To ensure competition is fair and equal, all Paralympic sports have a system in place which ensures that winning is determined by skill, fitness, power, endurance, tactical ability and mental focus, the same factors that account for success in sport for able bodied athletes.
This process is called classification and its purpose is to minimise the impact of impairments on the activity (sport discipline). Having the impairment thus is not sufficient. The impact on the sport must be proved, and in each Paralympic sport, the criteria of grouping athletes by the degree of activity limitation resulting from the impairment are named ‘Sport Classes’. Through Paralympic swimming categories - or classification - it is determined which athletes are eligible to compete in a sport and how athletes are grouped together for competition. This, to a certain extent, is similar to grouping athletes by age, gender or weight.
Classification is sport-specific because an impairment affects the ability to perform in different sports to a different extent. As a consequence, an athlete may meet the criteria in one sport, but may not meet the criteria in another sport.
Swimming caters for three impairment groups - physical, visual and intellectual.
The sport class names in Swimming consist of a prefix “S”, “SM”, or “SB” and a number. The prefixes stand for the event and the number indicates the sport class the athlete competes in the respective event.
The prefixes stand for:
• S: Freestyle, Butterfly and Backstroke events
• SM: Individual Medley
• SB: Breaststroke
Sport Classes 1-10: Physical impairment
There are ten different sport classes for athletes with physical impairment, numbered 1-10. A lower number indicates a more severe activity limitation than a higher number.
You will notice that athletes with different impairments compete against each other. The impact of their impairment on swim performance, however, is similar.
The following gives a few examples for impairments described in each sport class profile:
S1 SB1 SM1
Swimmers in this sport class have a significant loss of muscle power or control in their legs, arms and hands. Some athletes also have limited trunk control, as it may occur with tetraplegia. These impairments may be caused by spinal-cord injuries or polio. Swimmers in this class usually use a wheelchair in daily life.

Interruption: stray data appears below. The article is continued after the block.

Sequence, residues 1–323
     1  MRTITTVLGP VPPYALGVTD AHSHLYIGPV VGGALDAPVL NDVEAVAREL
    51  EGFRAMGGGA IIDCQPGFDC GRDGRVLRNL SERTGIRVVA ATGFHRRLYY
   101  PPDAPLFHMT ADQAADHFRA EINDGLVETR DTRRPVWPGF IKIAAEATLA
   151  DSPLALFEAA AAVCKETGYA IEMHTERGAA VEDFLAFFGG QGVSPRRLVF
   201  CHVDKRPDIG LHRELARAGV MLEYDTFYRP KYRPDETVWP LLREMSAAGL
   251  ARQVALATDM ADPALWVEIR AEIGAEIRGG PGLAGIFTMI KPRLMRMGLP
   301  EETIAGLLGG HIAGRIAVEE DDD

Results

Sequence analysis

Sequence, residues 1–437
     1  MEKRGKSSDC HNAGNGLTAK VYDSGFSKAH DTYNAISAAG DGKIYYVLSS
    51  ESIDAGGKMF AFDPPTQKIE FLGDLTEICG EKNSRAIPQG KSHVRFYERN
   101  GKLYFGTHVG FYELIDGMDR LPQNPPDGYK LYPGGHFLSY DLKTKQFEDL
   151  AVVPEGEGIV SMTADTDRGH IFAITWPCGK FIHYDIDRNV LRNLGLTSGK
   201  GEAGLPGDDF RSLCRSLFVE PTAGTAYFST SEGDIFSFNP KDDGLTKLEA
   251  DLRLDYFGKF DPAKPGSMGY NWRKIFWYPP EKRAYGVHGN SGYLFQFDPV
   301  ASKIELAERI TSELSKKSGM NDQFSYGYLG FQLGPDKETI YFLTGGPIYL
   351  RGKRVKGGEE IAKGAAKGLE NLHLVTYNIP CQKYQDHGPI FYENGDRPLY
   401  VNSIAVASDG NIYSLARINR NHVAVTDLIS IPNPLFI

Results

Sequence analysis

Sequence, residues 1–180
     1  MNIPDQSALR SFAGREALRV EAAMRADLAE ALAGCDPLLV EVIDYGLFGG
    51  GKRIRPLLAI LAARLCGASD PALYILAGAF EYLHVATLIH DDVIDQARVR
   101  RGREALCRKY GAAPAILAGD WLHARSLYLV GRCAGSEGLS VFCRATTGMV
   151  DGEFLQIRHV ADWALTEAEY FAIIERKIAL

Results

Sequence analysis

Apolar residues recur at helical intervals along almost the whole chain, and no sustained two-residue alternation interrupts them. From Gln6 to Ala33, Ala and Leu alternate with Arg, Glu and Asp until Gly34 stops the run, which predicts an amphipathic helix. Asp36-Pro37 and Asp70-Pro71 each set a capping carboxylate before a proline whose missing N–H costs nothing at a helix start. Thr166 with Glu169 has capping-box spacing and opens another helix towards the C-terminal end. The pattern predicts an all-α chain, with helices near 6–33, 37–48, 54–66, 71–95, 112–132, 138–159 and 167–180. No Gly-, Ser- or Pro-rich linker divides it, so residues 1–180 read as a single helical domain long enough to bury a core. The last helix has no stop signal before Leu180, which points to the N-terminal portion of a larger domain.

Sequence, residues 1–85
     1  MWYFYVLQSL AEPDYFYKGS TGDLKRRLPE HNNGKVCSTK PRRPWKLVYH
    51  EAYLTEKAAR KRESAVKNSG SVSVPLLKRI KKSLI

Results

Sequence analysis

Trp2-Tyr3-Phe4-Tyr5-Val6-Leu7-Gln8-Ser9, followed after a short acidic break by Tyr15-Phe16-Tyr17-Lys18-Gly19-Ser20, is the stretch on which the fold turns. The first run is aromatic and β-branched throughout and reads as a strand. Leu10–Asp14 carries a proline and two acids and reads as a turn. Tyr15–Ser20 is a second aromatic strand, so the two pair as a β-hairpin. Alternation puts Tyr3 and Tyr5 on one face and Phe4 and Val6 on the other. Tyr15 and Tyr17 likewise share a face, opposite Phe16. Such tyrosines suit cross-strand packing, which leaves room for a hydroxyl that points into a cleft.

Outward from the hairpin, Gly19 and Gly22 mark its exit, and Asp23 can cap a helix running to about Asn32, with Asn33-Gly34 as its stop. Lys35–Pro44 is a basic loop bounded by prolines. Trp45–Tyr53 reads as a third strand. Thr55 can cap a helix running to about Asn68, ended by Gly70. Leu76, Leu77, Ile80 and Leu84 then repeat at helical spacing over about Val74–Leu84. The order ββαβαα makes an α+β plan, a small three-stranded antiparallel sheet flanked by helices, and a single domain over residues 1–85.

S2 SB1 SM2
Swimmers in this sport class are able to use their arms with no use of their hands, legs or trunk or have severe co-ordination problems in four limbs. As in sport class S1 SB1 SM1, athletes mostly only compete in backstroke events.
S3 SB2 SM3
This sport class includes athletes with amputations of all four limbs. Swimmers with reasonable arm strokes but no use of their legs or trunk and swimmers with severe co-ordination problems in all limbs are also included in this sport class.
S4 SB3 SM4
Swimmers who can use their arms and have minimal weakness in their hands, but cannot use their trunk or legs. Athletes with amputations of three limbs also swim in this sport class.
S5 SB4 SM5
Swimmers with short stature and an additional impairment, with loss of control over one side of their body (hemiplegia) or with paraplegia compete in this sport class.
S6 SB5 SM6
This sport class includes swimmers with short stature, amputations of both arms or moderate co-ordination problems on one side of their body.
S7 SB6 SM7
This profile is designated for athletes with one leg and one arm amputation on opposite sides, double leg amputations or a paralysis of one arm and one leg on the same side. Moreover, swimmers with full control over arms and trunk and some leg function can compete in this class.
S8 SB7 SM8
Swimmers who have lost either both hands or one arm are eligible to compete in this sport class. Also, athletes with severe restrictions in the joints of the lower limbs could compete in this sport class.
S9 SB8 SM9
Athletes in this sport class swim with joint restrictions in one leg, double below-the-knee amputations or an amputation of one leg.
S10 SB9 SM10
This class describes the minimal impairments of eligible swimmers with physical impairment. Eligible impairments would be the loss of a hand or both feet and a significantly limited function of one hip joint.
Sport Classes 11-13: Visual Impairment
Swimmers with visual impairment compete in the sport classes 11-13, with 11 meaning a complete or nearly complete loss of sight and 13 describing the minimum eligible visual impairment. Athletes in sport class 11 compete with blackened goggles.
Sport Class 14: Intellectual impairment
Swimmers with intellectual impairment who also meet the sport-specific criteria compete in sport class 14.
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